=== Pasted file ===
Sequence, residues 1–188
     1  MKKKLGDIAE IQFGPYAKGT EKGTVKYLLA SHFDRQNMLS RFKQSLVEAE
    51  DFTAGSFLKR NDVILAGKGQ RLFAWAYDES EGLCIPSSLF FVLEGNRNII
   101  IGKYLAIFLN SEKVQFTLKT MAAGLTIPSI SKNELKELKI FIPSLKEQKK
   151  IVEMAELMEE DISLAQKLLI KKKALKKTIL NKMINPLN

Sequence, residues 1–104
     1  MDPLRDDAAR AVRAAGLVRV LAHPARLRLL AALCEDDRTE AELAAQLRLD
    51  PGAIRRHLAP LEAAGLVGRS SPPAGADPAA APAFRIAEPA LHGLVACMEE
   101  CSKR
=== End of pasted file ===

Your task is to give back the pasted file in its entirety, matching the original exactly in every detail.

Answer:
Sequence, residues 1–188
     1  MKKKLGDIAE IQFGPYAKGT EKGTVKYLLA SHFDRQNMLS RFKQSLVEAE
    51  DFTAGSFLKR NDVILAGKGQ RLFAWAYDES EGLCIPSSLF FVLEGNRNII
   101  IGKYLAIFLN SEKVQFTLKT MAAGLTIPSI SKNELKELKI FIPSLKEQKK
   151  IVEMAELMEE DISLAQKLLI KKKALKKTIL NKMINPLN

Sequence, residues 1–104
     1  MDPLRDDAAR AVRAAGLVRV LAHPARLRLL AALCEDDRTE AELAAQLRLD
    51  PGAIRRHLAP LEAAGLVGRS SPPAGADPAA APAFRIAEPA LHGLVACMEE
   101  CSKR